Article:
I was deeply shocked and even more upset when, going over my contract, I saw I did not have final say for edits. (Big mistake, authors beware!)
    I was furious with the added typos – they were not even in my final draft which was pretty clean – believe me, 3 days for edits is light editing and my relative said it was mostly nit-picky things she cleaned up, along with a couple misplaced modifiers and a typo or two – nothing like what is in the book now.
    So what happened?
    I have no idea. The publishing company does not do e-books, they do hardcover and mass market and pride themselves on being an ‘author’s’ company. So did my editor shaft me when I complained he didn’t do his job? I’ll never know. But just a word here to the readers so they will understand that the bottom line is rarely the author when the book comes out. We have no say in the cover and the edits. (Especially for new authors like myself) .
    That said, now I have an agent and I believe things will be different now that I am no longer negotiating contracts and such. I am SO relieved.

  15. But just a word here to the readers so they will understand that the bottom line is rarely the author when the book comes out. We have no say in the cover and the edits. (Especially for new authors like myself) .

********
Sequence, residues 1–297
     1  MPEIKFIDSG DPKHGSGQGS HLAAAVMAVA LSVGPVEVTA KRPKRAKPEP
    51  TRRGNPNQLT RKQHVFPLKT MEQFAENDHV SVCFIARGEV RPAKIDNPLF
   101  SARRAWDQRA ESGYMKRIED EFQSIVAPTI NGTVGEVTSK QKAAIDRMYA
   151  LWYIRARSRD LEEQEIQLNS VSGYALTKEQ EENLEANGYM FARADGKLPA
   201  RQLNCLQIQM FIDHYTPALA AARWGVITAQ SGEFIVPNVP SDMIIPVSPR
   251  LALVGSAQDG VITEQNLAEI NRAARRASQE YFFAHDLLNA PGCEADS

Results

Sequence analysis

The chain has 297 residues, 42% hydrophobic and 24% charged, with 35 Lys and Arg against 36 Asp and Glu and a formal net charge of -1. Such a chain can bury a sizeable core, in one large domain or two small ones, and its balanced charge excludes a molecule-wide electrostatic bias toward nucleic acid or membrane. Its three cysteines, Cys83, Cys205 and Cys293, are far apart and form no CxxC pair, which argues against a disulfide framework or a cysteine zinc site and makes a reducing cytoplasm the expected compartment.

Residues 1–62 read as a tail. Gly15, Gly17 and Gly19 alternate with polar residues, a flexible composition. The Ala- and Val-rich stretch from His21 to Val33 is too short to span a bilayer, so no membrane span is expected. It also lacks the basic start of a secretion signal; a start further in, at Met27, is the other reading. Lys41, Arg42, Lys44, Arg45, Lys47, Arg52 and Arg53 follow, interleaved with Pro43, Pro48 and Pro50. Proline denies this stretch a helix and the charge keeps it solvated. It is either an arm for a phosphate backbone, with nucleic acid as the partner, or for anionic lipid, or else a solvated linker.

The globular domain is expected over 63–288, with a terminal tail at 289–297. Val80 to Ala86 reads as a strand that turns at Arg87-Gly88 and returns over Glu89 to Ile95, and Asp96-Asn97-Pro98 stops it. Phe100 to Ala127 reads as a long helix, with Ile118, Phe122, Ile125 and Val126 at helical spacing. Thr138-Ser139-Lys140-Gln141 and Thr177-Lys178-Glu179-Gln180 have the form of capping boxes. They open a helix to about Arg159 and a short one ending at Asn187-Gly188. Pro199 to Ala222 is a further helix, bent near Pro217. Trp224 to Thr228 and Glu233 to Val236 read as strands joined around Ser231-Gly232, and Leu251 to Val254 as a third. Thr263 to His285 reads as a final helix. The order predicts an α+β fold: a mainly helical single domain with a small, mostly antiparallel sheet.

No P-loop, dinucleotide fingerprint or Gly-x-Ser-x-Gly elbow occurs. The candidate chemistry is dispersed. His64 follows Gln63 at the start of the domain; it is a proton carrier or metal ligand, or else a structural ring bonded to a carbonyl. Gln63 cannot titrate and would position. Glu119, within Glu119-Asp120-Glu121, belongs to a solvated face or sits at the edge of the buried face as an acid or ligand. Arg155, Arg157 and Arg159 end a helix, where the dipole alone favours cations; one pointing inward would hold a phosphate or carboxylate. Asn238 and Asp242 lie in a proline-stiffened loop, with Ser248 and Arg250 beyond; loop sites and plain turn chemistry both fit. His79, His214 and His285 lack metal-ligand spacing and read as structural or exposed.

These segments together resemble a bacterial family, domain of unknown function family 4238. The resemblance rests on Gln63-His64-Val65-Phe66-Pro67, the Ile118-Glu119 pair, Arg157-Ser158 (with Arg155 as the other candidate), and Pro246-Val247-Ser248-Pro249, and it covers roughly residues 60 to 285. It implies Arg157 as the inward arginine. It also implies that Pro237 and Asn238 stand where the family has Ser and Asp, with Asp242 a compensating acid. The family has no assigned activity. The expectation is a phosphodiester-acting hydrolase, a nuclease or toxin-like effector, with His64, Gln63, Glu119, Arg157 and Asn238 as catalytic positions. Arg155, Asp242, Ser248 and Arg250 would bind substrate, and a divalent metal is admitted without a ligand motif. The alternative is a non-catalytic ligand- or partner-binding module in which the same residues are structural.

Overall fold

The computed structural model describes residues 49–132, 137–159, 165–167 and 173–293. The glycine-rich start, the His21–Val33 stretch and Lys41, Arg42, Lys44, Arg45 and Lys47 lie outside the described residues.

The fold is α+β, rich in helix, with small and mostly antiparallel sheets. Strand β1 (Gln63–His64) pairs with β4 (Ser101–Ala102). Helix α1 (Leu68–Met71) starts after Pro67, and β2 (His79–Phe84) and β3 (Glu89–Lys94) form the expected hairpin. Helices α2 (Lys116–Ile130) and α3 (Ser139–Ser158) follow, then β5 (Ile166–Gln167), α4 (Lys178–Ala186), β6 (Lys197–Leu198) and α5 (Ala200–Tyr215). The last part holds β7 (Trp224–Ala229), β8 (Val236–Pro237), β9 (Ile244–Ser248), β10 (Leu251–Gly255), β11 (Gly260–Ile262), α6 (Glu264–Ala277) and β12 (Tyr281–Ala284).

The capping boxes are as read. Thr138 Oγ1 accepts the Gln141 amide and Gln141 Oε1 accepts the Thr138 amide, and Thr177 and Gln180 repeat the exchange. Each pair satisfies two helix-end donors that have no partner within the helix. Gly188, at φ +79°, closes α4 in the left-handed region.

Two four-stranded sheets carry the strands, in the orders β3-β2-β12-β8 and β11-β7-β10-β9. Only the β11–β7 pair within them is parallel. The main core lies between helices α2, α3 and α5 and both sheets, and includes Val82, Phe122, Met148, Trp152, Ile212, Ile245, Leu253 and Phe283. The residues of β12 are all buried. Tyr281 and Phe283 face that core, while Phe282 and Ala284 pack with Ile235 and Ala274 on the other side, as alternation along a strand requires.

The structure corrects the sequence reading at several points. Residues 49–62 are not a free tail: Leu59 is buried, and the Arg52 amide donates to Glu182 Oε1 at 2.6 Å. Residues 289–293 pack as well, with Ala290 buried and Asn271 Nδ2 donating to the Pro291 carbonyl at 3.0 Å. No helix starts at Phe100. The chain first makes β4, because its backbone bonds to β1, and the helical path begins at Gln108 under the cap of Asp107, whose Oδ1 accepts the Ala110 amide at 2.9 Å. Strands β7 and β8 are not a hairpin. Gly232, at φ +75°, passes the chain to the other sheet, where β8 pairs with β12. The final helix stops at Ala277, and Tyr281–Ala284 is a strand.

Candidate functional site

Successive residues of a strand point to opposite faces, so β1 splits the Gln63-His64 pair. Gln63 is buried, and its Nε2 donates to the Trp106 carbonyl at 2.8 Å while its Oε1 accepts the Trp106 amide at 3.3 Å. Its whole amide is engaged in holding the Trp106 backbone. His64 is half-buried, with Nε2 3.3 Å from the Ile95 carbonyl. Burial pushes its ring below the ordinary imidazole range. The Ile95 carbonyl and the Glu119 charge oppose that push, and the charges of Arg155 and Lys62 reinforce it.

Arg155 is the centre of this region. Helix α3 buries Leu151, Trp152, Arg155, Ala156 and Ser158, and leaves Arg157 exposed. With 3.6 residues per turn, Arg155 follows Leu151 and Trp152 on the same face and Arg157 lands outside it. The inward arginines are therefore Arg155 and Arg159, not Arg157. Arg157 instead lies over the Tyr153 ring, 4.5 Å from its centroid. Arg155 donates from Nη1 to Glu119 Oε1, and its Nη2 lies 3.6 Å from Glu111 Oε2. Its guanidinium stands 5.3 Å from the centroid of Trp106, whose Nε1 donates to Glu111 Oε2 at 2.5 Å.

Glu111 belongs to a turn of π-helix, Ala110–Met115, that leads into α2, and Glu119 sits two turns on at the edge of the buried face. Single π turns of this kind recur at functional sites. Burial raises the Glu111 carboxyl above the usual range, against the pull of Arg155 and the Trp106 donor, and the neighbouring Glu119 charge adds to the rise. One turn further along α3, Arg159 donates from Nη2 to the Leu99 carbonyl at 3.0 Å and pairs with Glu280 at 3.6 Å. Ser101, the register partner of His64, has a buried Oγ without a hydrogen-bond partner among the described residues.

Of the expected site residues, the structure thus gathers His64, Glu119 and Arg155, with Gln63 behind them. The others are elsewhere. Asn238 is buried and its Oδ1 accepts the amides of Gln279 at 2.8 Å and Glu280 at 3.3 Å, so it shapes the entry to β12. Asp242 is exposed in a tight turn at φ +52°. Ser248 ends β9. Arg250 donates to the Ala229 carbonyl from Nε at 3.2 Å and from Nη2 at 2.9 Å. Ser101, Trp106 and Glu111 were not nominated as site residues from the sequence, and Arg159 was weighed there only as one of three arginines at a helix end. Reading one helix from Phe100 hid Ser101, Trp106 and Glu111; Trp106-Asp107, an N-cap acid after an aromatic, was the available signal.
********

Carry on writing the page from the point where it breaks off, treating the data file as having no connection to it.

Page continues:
I’m sorry Sam, but I have to disagree with you. This is a publisher by publisher thing you’re talking about. You can say that with authority for that particular publisher you worked with. But you cannot possibly know what each publishers contract–whether NY or epub reads.

    To be clear, at Samhain, authors have a say in both edits and covers. The cover art is produced from a request they fill out. It is up to the author to make the requested changes for edits. Your statement is not only sweeping, but untrue and paints an unfair picture for readers of the entire publishing industry.

    I agree there are some publishers out there who operate like that. But please don’t lump us all in with them. It hurts πŸ˜‰